By definition, a confined space:
- Is large enough for an employee to enter fully and perform assigned work;
- Is not designed for continuous occupancy by the employee; and
- Has a limited or restricted means of entry or exit.
These spaces may include underground vaults, tanks, storage bins, pits and diked areas, vessels, silos and other similar areas.
By definition, a permit-required confined space has one or more of these characteristics:
- Contains or has the potential to contain a hazardous atmosphere;
- Contains a material with the potential to engulf someone who enters the space;
- Has an internal configuration that might cause an entrant to be trapped or asphyxiated by inwardly converging walls or by a floor that slopes downward and tapers to a smaller cross section; and/or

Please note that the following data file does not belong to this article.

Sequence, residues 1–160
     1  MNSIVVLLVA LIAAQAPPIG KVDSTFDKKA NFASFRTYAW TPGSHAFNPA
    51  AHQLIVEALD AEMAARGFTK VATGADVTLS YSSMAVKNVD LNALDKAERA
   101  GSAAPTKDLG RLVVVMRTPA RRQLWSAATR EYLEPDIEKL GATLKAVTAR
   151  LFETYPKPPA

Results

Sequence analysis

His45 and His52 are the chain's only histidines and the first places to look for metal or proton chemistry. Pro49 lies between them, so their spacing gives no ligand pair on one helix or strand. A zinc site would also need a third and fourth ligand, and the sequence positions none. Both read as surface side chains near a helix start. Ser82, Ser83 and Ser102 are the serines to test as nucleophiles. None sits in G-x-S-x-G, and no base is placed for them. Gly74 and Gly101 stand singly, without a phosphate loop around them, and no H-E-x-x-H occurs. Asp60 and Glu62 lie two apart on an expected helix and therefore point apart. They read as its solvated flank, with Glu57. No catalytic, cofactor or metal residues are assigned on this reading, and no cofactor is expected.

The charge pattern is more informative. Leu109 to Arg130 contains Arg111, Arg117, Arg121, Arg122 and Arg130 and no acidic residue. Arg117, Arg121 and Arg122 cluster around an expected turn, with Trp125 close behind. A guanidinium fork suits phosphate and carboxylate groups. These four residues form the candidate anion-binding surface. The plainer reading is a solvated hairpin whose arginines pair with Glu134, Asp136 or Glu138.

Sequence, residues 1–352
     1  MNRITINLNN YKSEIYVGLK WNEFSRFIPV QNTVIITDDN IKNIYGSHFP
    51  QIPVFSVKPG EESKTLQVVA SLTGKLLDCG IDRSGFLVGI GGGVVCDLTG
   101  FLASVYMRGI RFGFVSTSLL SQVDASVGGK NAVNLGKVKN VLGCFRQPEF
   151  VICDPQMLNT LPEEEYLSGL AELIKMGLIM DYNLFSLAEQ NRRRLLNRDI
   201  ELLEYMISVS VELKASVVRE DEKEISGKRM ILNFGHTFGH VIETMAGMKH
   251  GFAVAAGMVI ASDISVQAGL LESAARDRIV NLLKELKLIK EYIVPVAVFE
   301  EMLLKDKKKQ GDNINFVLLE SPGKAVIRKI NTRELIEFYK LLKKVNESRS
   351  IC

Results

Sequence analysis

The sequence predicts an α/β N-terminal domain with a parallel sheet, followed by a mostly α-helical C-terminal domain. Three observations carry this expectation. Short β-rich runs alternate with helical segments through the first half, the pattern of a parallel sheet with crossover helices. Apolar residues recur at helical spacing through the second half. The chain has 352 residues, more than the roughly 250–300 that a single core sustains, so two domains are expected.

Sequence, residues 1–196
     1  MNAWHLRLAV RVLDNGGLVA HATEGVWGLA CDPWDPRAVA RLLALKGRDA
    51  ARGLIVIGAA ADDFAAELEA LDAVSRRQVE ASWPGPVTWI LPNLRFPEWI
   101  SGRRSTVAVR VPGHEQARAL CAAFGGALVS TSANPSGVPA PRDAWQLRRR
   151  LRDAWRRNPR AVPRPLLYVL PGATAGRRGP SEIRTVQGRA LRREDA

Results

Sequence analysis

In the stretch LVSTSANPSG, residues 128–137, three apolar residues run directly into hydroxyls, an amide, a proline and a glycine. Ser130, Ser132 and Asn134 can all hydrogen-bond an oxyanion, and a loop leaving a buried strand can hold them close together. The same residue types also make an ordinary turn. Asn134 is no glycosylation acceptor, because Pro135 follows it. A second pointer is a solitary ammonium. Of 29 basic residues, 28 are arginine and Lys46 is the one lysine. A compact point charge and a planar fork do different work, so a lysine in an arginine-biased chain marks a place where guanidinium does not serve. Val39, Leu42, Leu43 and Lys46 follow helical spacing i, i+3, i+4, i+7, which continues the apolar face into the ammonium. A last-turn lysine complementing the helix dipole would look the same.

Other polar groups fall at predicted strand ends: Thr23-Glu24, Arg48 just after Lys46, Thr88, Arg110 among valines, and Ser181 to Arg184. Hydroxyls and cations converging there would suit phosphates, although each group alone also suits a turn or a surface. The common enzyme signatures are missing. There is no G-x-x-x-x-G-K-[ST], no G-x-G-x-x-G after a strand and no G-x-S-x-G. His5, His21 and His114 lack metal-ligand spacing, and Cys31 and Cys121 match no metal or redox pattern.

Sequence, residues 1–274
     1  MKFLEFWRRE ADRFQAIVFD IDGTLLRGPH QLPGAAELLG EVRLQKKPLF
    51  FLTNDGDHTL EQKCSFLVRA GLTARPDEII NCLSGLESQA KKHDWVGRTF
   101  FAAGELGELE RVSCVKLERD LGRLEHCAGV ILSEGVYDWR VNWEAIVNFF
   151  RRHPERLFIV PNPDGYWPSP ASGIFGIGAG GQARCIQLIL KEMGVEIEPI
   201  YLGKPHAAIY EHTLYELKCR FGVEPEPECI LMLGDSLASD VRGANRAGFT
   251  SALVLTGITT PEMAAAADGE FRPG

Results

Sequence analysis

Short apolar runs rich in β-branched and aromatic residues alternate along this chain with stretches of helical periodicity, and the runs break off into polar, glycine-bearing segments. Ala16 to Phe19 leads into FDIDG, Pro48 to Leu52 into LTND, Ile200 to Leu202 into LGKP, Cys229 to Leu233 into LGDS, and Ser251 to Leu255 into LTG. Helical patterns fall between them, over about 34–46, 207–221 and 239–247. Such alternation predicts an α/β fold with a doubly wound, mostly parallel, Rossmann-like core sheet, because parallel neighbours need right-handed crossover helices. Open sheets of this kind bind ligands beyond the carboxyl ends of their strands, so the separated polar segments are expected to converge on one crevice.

- Contains any other recognized serious safety or health hazards.
Furthermore the National Institute for Occupational Safety and Health (NIOSH) states that since the inception of the FACE program in 1982, 171 fatal incidents involving confined space entry and rescue efforts have been investigated by NIOSH and State investigators, and injuries and fatalities related to “confined space” labor has reached an average of 92 per year.
The importance of seeking trained and competent professionals for Confined Spaces services cannot be overstated
U.S. Department of Labor Occupational Safety and Health Administration